Monday, June 10, 2019

Ultramarathons, Marriage, SpaceX, and Cadavers: 10 Nonfiction Reads

                    person holding pile of books
I've tried to make a concerted effort to read some popular non-fiction in the last few months. I'd love to share some highlights with you!

1.  Born to Run by Christopher McDougall

Five Stars

There’s nothing like the interlocking stories of ultramarathon runners--young, old, first world, third world, male, female, larger than life and regular Joe--to get you seriously hyped for running. McDougall’s narrative style is engaging and energetic. It just thrills with the awe he clearly feels for these runners as he embarks on his own ultra training journey. Highly recommend.

2. Nickel and Dimed: On Not Getting By in America by Barbara Ehrenreich

Three Stars

A piece of feminist literature documenting undercover, immersive research and engagement with the issues lower class women face in the workplace and in their struggles to keep their heads above water with a tiny paycheck. While the flow of arguments isn’t entirely logical, I found it compassionate and moving, and it made me take an honest, hard look at the way I think about low-wage workers of both genders. I do recommend with that small reservation.

3. Sacred Marriage by Gary Thomas

Four Stars

This thoughtful book, well-researched and rooted in church history on the topic of marriage, as well as its lighter, more romantic counterpart Cherish by the same author (also four stars) served as the bulk of Jon and I's pre-marital counseling. Like most general marriage books, these titles cover a wide variety of marriage-central topics. The former focuses on the spiritual aspects of marriage: the lovely and the difficult. The latter is all about intentionally cherishing your spouse, and speaks against complacency and stagnancy in relationship. Recommend.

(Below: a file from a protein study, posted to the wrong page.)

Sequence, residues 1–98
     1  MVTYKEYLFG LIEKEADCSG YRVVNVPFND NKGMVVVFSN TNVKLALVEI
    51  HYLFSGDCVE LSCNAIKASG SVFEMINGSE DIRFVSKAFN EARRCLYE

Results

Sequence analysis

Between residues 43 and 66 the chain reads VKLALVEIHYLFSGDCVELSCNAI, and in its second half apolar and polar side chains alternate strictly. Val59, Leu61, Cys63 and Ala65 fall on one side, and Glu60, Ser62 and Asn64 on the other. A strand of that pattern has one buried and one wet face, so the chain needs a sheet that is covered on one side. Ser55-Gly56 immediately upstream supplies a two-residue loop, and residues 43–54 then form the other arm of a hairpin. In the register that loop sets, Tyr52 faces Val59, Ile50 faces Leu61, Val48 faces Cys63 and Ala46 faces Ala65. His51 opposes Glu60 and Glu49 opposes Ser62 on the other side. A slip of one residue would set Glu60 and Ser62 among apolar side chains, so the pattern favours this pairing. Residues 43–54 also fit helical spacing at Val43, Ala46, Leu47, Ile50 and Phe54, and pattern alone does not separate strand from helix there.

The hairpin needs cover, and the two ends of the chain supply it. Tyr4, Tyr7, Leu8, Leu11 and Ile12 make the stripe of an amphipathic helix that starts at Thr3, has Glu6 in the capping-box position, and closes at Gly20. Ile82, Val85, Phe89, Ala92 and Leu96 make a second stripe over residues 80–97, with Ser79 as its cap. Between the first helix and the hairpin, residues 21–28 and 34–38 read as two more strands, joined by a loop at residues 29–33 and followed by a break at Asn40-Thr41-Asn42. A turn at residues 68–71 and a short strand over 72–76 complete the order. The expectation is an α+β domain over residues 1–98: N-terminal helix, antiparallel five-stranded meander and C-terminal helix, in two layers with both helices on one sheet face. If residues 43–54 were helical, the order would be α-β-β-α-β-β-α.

4. Sheet Music by Kevin Leman

Five Stars

Clever Title, AMIRIGHT? It’s a book about sex, and it’s awesome. Highly Recommend. But only if you’re prepared to get a very detailed, but lighthearted, sex education. Alternative Title: A Christian Psychologist Tells You Everything Your Parents Were Too Embarrassed To Teach You About Sex.

5. The Man Who Mistook His Wife for a Hat by Oliver Sacks

Five Stars

A fascinating and incredibly-compassionate medical casebook of some of the strangest mental cases Dr. Sacks encountered in his practice. Includes instances of visual agnosia, Korsakoff’s syndrome, proprioception, somatoparaphrenia, hemispacial neglect, and several lovely studies of retarded or autistic savants. Highly Recommend.

6. What if?: Serious Scientific Answers to Absurd Hypothetical Questions by Randall Munroe 

Five Stars

If you’ve ever wanted to tickle the science side of your brain without learning anything useful at all, then this is the book for you. Find out, among other things, what would happen, exactly, if you tried to build a wall of elements with bricks directly corresponding to the periodic table. Hint: you would destroy the planet. Highly Recommend.